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Bug#240896: not pending anymore

Wichert Akkerman <wichert@wiggy.net> writes:

> Lets look at other big distributions:
> Redhat:	x86-64	(or 'Intel EM64T & AMD64' in their whitepapers)

and other places, most visible their product placement:

                                        Basic/Standard/Premium Editions
Red Hat Enterprise Linux AS  	   	   	   	
    Intel x86                                   $1499 	$2499 	 

    Intel Itanium2 and EM64T, AMD64,
    IBM iSeries & pSeries                       $1992 	$2988 	 

    IBM zSeries & s/390*                        $15000*	$18000*

Red Hat Enterprise Linux WS  	   	   	   	
    Intel x86                          	$179 	$299  	 

    Intel Itanium2 and EM64T, AMD64  	$792

RH had the support for x86_64 running before amd64 was called amd64
and as the kernel and GNU did they didn't change it. But the customer
visible name is amd64.

The visible product name for Debian is what the arch is called and
that should be amd64. That we also have that name as file 'extension'
in the debs instead of the old/gnu name x86_64 as rpm does shouldn't
stop us.

> SuSE:	x86_64	(or 'AMD/Intel 64-bit processors')

Same story I believe.

> Gentoo:	amd64
> Mandrake: AMD64
> So the two biggest ones picked x86-64 (ignoring the - vs _). Slackware
> and Conectiva do not support the architecture at the moment. Which means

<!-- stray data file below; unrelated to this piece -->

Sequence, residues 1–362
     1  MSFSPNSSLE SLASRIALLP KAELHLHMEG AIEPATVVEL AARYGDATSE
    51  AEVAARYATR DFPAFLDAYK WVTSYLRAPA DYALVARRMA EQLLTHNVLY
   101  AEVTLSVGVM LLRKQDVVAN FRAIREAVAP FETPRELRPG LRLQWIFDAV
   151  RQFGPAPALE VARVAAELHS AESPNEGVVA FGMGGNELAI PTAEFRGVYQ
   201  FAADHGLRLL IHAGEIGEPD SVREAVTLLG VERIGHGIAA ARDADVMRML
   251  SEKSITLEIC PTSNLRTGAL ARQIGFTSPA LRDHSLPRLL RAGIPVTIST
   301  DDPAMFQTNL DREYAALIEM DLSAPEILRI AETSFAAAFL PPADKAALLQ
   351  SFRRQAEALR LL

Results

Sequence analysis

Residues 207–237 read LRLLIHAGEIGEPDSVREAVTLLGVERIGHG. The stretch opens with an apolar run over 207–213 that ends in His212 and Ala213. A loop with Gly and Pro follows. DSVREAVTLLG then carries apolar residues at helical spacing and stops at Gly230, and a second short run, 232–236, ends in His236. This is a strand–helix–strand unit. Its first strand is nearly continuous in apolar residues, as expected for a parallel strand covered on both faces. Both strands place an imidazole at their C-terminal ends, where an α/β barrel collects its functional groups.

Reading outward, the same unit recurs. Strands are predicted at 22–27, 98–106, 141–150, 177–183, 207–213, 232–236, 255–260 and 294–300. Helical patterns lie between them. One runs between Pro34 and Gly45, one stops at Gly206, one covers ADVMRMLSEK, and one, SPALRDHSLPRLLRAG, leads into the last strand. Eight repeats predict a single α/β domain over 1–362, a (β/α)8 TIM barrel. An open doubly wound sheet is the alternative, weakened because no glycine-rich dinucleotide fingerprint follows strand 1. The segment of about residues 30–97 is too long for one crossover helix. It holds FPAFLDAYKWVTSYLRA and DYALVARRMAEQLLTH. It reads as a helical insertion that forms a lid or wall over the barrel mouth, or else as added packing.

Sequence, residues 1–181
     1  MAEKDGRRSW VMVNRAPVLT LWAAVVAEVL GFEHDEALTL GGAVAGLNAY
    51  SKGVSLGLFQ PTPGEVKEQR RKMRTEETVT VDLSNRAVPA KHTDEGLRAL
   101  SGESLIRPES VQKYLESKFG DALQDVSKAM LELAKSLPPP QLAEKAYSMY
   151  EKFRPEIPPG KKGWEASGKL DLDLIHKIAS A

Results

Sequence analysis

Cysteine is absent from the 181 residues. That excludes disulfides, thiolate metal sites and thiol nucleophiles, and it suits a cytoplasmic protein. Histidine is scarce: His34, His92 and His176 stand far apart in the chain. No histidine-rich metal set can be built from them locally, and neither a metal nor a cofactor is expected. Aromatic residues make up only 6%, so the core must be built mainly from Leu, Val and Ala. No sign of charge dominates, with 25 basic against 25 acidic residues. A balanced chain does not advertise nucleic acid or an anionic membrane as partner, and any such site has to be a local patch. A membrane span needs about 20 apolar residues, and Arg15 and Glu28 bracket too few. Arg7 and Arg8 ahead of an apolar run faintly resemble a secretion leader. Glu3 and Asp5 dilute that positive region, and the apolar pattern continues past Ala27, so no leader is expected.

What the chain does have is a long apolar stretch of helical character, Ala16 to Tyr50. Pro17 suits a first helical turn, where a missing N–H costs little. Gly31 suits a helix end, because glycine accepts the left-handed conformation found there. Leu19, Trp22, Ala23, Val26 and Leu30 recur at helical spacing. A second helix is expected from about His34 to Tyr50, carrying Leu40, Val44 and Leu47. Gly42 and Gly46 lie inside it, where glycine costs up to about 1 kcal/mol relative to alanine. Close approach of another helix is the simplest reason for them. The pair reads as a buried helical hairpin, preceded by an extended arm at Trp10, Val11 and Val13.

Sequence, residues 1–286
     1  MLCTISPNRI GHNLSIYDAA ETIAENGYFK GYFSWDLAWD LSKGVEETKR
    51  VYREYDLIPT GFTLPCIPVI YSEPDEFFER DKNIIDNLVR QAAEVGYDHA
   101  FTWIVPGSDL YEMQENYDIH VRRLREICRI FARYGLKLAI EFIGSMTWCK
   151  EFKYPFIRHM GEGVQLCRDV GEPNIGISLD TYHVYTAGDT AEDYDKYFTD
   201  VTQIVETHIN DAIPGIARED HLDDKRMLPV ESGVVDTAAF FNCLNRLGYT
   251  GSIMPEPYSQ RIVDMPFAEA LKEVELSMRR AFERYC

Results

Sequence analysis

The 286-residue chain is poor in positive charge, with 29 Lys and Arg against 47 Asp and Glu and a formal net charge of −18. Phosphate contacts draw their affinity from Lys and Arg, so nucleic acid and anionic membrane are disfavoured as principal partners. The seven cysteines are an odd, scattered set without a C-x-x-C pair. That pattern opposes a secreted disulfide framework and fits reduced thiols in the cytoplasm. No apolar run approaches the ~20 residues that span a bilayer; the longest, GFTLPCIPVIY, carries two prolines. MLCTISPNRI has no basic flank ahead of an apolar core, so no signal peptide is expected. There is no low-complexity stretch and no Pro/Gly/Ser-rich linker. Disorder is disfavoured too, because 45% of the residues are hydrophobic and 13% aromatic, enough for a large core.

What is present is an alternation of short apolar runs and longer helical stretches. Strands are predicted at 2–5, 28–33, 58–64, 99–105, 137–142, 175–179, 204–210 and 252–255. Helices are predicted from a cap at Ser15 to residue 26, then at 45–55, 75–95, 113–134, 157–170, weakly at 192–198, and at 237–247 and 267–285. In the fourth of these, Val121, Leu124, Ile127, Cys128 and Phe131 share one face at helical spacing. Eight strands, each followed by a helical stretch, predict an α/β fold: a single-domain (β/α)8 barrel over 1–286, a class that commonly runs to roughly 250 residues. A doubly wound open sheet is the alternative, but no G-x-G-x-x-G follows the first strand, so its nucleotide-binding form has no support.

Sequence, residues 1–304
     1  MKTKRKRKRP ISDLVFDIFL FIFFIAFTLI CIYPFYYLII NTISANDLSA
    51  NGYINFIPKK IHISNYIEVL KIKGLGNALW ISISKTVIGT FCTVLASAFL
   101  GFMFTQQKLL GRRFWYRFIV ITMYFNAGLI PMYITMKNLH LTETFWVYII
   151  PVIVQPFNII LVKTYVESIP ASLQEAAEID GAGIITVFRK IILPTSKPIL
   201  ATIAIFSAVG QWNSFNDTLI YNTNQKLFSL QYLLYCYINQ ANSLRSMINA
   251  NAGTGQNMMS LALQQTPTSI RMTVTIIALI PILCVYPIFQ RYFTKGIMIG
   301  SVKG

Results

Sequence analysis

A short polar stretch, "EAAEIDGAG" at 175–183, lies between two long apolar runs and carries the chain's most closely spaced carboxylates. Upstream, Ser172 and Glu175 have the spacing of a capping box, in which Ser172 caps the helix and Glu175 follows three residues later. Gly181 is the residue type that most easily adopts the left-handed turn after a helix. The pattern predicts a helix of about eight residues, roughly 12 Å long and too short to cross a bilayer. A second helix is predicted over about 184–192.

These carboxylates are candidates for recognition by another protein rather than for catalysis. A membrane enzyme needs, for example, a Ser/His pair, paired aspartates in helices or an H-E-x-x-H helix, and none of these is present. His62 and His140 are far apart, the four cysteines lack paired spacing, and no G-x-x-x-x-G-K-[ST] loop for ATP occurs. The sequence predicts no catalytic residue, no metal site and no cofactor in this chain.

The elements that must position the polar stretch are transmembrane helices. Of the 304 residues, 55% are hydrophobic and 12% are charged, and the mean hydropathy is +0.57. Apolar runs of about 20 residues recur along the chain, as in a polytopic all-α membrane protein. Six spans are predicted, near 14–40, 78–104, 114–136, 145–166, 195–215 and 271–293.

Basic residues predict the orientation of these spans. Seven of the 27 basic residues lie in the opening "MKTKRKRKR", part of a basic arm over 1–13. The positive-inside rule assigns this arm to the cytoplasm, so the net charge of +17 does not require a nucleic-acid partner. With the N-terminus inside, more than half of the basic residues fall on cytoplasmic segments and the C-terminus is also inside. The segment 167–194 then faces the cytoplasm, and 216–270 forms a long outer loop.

> that the vast majority of Linux users will know and recognize x64-64.

(New) Users will only see the sticker on the cpu and Linux Box. And
all distributions use Amd64 or for Amd Althon(tm) 64.

> Now lets look at what developers will encounter:
>   kernel	x86_64
>   gcc		x86_64
>   binutils	x86_64
> So all developers chose x86_64.
> Looking at that data it seems obvious that the Linux/free software community
> has made its choice and overwhelmingly selected x86[_-]64. So why does
> Debian want to different and pick a name that no developer uses and
> users will not recognize from popular other distributions?

The developers chose x86_64 before it was named amd64 and they never
changed it. For technical reasons we can't use x86_64 without breaking
a lot of assumpions in tools.

Having x86-64 causes problem with the - for some sources and will be
very confusing when both x86_64 (the gnu name) and x86-64 (the debian
name) appear in e.g. the debian/rules file.

ifeq ($ARCH,x86-64)
     ./configure --host x86_64-linux -DWITH_BIG_INTS ....

Having the two clearly distinct (amd64/x86_64) helps spotting which
one is ment and gives clear errors if the wrong one was used.

> Wichert.


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